What with Bookshelf’s shiny new midweek slot, who to show us their top five books than a man whose entire career has been based around the fascinating history of objects? Marc Allum is a miscellaneous specialist on much-loved BBC programme Antiques Roadshow and is also a freelance art and antiques journalist. His book collection and incredibly well-written captions reveal his wide-ranging variety of historic passions, and the objects scattered around them (human skull included) confirm his self confessed “collectoraholic” nature. Perhaps one of our best ever bookshelves. Here he is…
Tahir Shah: Sorcerer’s Apprentice
This is one of my favourite books of all time. Tahir’s extraordinary work strikes a chord with me because it seems almost impossible that it is based in reality. I like to live beyond the edge in that shady area just left of reality; this book enables the reader to do that. Tahir’s surreal journey through India deals with issues of poverty, survival and death, an immensely rich and informative travelogue based on the notion that he can become a master conjurer under the tutelage of India’s greatest teacher. It’s a life changing experience that almost kills him yet reveals one of the greatest deceits. Magical and rich; I always keep two copies – one to give away.
Yamamoto Tsunetomo’s Hagakure: The Art of the Samurai
This 17th century Japanese masterpiece had me completely spellbound when I first read it, in fact, the idea of Bushidō – the Way of the Warrior, and the idea that living and dying could be elevated into such an art form, affected me quite emotionally; little wonder that we westerners find the concept of the Samurai code so compelling. However, it’s not a book based on a beautiful utopian ideal; it deals with brutal and instant justice, feudal law, courage, honour and wisdom….I have a Samurai armour in the corner of my library; he’s my manifestation of the code.
Gabriel García Márquez: Love in the Time of Cholera
This is a gem of a book. Márquez turns my head into a mush with his balmy style, I feel like I’m wading through air with the consistency of water when I read this novel, it’s languid themes of love seem closer to home the older you get, reinforced by the accumulated experience of love and loss. Like many books that you read in your teenage years, the images become fixed in your head, you cannot change these, but the fulfilment you derive is multiplied one hundred fold every time you re-experience it.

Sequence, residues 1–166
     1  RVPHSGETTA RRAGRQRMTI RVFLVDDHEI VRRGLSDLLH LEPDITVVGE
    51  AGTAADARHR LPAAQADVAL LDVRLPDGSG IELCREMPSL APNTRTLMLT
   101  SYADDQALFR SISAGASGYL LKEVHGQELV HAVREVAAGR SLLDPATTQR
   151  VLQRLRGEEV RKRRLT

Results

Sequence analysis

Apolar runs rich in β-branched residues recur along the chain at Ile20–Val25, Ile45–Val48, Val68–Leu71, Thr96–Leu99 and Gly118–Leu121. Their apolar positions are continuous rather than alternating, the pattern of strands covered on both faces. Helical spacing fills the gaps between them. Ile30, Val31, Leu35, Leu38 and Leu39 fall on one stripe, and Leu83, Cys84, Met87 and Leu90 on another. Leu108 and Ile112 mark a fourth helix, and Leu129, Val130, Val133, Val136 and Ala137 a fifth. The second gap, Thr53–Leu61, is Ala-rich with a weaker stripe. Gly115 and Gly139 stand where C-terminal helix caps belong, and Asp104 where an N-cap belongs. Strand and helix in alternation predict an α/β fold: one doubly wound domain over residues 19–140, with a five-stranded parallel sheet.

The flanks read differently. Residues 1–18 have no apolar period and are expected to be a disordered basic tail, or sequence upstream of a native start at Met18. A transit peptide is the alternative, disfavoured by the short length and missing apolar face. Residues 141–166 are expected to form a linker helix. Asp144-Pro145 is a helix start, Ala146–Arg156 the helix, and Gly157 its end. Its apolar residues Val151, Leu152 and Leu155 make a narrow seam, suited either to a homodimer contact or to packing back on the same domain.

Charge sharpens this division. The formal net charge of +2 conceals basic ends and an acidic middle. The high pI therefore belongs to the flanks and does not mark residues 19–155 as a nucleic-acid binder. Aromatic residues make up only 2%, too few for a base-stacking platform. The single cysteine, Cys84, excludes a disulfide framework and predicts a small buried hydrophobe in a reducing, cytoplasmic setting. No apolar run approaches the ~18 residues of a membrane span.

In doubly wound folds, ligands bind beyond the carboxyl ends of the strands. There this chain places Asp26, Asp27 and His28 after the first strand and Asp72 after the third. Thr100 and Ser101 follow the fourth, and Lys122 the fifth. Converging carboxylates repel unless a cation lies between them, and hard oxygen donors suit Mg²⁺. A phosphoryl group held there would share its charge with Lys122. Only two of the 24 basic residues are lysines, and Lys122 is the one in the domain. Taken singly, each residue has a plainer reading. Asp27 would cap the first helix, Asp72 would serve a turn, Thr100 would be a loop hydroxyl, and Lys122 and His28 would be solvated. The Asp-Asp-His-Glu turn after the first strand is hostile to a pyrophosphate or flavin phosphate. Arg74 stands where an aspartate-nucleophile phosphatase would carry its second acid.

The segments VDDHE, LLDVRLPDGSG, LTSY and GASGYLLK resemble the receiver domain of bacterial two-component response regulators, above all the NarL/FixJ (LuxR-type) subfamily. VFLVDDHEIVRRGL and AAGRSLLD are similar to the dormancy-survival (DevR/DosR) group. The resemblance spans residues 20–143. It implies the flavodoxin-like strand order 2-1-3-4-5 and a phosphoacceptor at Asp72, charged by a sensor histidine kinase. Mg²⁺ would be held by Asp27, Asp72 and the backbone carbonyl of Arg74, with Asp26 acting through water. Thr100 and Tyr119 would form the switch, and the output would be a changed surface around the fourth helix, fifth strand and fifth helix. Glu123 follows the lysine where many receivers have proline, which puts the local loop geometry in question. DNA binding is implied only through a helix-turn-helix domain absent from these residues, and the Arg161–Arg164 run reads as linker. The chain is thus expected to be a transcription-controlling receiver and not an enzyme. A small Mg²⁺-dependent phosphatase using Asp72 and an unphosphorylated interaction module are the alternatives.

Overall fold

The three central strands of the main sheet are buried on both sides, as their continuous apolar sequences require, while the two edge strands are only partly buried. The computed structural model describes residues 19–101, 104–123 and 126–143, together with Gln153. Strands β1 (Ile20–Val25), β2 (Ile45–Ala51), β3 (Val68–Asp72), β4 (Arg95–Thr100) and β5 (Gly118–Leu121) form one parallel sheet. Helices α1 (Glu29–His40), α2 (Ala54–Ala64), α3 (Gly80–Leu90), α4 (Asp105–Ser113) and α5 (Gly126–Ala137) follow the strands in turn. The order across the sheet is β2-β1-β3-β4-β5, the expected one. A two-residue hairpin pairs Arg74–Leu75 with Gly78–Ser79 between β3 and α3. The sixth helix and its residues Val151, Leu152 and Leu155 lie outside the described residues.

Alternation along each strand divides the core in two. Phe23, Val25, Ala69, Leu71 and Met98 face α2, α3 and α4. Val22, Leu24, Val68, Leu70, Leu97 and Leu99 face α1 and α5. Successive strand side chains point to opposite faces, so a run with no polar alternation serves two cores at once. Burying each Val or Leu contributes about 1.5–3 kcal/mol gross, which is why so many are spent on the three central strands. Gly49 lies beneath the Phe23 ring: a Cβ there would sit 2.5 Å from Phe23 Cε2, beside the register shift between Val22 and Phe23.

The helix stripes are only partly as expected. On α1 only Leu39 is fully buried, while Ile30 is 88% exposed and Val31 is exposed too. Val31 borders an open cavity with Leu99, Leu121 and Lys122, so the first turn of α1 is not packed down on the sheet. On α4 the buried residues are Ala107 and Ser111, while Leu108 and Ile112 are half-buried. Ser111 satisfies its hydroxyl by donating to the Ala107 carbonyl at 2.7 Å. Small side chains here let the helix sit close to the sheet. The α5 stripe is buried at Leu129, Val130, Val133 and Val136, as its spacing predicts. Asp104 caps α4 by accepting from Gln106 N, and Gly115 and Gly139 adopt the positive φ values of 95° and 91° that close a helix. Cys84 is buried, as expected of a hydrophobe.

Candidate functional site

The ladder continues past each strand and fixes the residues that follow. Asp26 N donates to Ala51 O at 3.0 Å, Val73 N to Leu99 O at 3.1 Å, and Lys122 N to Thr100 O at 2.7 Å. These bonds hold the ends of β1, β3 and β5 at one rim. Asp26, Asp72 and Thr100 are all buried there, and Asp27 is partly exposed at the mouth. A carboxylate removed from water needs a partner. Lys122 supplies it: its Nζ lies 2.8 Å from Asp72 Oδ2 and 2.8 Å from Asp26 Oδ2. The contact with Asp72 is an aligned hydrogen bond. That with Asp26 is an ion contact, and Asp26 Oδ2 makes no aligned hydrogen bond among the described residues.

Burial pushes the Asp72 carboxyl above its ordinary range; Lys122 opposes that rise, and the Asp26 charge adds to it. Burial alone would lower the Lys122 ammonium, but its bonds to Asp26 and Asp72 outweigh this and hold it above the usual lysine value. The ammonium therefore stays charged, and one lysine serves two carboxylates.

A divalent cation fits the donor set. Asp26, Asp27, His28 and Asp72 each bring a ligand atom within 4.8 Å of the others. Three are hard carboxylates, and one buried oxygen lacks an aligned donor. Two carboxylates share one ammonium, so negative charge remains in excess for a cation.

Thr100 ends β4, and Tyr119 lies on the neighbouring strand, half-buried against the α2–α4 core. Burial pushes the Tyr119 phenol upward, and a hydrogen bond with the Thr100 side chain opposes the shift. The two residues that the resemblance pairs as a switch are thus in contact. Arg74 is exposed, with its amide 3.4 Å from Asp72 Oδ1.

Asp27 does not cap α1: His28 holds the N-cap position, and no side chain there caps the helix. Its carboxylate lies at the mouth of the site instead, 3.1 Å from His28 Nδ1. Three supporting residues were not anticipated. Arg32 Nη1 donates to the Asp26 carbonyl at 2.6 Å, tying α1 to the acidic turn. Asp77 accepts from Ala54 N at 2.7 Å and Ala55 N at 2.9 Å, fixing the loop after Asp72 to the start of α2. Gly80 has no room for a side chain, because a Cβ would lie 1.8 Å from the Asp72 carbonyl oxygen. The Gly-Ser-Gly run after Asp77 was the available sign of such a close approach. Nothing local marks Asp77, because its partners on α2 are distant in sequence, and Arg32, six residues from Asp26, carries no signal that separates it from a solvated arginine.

Kurt Vonnegut Jr.: Slaughterhouse-Five
If no other genre had been invented I would happily read dystopian fiction every day of my life. Time-shifting suits me well; I inhabit various epochs in the course of my work and love a novel that switches between different worlds, different times and different themes. Vonnegut is funny but Slaughterhouse-Five is also grim and cynical challenging you to look far beyond the humour and extract something much greater. It’s short too, always helpful when you need to top-up and are limited for time. My copy is full of pencil notes from my student days – it’s now very fragile.
Jan Bondeson: Freaks
This is one of those intelligently written and informative books that give you enough witty after-dinner material to last an age. The idea of a book based on the deformities of humans through history might sound a little appalling but this is a totally enthralling well-researched read that deals with attitudes to malformation and the lives of those concerned, many condemned to be exhibits in freak shows. It’s a macabre but compelling area that ties in with my lecturing on mortality and artefacts – fascinating and sad too.
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